Ann Huchingson | Lakshmy Mathur
“I don’t sleep much,” I tell him, dangling my insomnia in front of him like a ripe pomegranate, its many compartments mysterious and ruby. Sleeplessness implies action in the dark of night, implies rumpled sheets and tangled limbs.
He lifts his eyebrow and his glass to his lips in one motion, as though they are connected by a strand of fishing wire.
I swivel my stool slightly toward him. A drop of foam from his beer hangs on his lip like an invitation, and though I want to reach for it with my tongue — parched and starving for the taste of him — I reach out and casually wipe it away with my thumb.
He has a tattoo on his right bicep. A serpent in a fading black that is bordering on green. The reptile is poised, waiting to strike, its forked tongue flicking out just enough to be threatening. His denim shirt hides the tattoo tonight, but I know it is there, slithering and bumping underneath the thick blue fabric of his sleeve. It’s waiting.
I want to erase the worried creases from between his eyes with my fingers, to smooth away the concern like a hot iron on a wrinkled cotton blouse. But it is enough to be sitting here, next to him. Enough for now, anyway.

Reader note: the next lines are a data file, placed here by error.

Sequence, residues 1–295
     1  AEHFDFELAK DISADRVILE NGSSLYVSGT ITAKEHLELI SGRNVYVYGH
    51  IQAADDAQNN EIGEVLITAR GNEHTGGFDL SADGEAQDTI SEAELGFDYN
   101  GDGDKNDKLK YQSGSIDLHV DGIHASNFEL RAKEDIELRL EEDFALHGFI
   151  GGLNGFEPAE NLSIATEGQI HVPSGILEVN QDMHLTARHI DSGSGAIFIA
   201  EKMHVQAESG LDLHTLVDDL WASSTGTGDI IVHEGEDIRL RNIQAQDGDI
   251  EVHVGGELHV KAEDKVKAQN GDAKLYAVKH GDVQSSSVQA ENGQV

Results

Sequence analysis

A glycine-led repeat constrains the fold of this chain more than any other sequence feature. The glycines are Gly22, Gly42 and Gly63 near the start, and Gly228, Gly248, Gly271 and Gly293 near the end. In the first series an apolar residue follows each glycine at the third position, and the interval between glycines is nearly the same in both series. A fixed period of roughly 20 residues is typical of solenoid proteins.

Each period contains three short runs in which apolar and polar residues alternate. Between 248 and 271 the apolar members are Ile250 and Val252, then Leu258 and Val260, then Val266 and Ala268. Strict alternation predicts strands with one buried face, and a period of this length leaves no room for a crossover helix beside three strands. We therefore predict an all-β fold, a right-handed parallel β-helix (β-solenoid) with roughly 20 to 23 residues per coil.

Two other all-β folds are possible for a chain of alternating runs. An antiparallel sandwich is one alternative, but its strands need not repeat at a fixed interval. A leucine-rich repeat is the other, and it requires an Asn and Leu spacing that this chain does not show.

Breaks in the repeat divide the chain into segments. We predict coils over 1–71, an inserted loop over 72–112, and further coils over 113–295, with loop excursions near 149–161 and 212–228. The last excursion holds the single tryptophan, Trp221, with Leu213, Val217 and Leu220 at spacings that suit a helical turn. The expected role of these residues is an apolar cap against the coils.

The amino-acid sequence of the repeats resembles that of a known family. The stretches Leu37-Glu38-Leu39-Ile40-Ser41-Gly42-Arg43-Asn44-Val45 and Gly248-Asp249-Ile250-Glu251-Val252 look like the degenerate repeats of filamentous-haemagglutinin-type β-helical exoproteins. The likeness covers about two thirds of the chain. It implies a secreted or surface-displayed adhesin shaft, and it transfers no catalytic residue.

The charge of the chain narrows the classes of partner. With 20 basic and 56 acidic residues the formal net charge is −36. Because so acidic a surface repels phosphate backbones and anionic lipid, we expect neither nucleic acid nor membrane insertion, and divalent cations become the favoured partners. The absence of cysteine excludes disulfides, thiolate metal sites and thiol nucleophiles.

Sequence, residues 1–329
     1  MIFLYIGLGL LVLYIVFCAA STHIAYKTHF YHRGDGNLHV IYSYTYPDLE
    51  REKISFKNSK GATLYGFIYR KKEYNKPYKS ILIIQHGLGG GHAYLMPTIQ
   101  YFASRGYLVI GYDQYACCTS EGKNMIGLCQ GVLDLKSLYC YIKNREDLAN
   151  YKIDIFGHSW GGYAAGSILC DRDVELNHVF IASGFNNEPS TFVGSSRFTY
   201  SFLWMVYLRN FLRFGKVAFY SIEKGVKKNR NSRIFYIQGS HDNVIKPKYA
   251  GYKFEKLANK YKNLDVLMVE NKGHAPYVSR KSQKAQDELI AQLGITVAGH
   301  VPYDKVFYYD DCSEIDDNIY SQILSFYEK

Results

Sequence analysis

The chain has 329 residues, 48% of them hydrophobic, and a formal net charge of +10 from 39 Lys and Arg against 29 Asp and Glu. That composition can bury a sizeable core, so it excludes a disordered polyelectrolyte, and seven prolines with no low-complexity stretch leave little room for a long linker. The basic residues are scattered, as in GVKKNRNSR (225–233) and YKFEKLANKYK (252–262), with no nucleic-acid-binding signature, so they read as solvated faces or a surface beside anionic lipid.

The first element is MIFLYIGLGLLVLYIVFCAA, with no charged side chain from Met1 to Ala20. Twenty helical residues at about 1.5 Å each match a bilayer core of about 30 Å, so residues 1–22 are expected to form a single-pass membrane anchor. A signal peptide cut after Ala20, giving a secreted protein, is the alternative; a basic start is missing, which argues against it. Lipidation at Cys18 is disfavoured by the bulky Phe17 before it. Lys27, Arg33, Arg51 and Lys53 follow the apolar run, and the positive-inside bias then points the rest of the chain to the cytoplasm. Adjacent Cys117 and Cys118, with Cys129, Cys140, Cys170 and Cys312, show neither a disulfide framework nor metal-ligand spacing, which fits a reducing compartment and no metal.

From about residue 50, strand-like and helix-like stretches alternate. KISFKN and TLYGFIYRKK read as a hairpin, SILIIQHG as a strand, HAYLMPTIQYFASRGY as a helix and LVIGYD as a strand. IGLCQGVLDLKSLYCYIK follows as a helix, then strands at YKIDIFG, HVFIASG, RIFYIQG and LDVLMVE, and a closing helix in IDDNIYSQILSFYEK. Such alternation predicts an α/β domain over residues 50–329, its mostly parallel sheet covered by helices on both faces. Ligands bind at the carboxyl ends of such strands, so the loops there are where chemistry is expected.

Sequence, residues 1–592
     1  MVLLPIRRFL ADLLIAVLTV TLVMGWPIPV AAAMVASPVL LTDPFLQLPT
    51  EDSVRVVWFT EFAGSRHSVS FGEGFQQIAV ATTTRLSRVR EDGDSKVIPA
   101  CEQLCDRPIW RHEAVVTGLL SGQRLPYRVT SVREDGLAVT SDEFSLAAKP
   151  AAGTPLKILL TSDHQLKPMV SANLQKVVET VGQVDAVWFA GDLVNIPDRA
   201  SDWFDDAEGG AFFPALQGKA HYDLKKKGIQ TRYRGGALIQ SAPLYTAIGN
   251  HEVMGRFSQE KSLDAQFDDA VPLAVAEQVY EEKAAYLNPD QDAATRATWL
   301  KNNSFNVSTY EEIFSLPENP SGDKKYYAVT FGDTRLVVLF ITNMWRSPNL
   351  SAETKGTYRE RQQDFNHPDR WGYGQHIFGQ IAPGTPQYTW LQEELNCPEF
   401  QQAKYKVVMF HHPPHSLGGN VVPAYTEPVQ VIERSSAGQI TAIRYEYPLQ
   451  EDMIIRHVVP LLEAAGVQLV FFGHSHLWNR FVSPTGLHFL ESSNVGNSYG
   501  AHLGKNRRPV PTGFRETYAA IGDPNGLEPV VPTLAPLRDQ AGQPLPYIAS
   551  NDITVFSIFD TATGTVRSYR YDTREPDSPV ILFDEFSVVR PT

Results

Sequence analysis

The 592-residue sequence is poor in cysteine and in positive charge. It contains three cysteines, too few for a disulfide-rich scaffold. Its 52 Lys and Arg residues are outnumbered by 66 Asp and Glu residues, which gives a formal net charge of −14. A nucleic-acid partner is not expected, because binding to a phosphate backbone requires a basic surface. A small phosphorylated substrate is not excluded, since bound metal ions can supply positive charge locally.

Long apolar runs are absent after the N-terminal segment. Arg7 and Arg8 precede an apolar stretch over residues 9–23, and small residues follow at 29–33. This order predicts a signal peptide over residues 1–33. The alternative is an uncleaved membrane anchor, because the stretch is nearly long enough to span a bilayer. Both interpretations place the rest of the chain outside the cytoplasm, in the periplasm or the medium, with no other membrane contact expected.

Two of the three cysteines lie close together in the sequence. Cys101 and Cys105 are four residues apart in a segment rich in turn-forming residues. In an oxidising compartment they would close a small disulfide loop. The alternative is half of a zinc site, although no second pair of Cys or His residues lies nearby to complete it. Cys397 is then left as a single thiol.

He is like a jittery jackrabbit. If I approach too quickly, grasp too tightly, he’ll bolt for cover. He’ll disappear into his warren — his real life with Jackie and their infant twins, his overdue bills and his unemployment checks.
I only want a piece of him. I only want tonight.
I don’t want to snare him, only to pet him for a bit. Like a soft, soft rabbit fur, I’ll rub the length of him against my skin, for luck, and maybe a little love. And then, I’ll let him go.
Until next time.
I offer a slight smile, and swivel my stool away, just enough. I wait, hanging there in the open space of possibility, using all of my willpower to keep my hands off the dense planes of his shoulder, his arm. I wait for it, take a sip of my gin, and then, at last, his voice.
“Should we go somewhere?” he asks, his eyes dodging around the room, taking in the few beery, bleary patrons — old goats with no hair and few teeth. There is no one here to notice us.
“Yes,” I whisper, relieved and breathless. “Yes, let’s go.”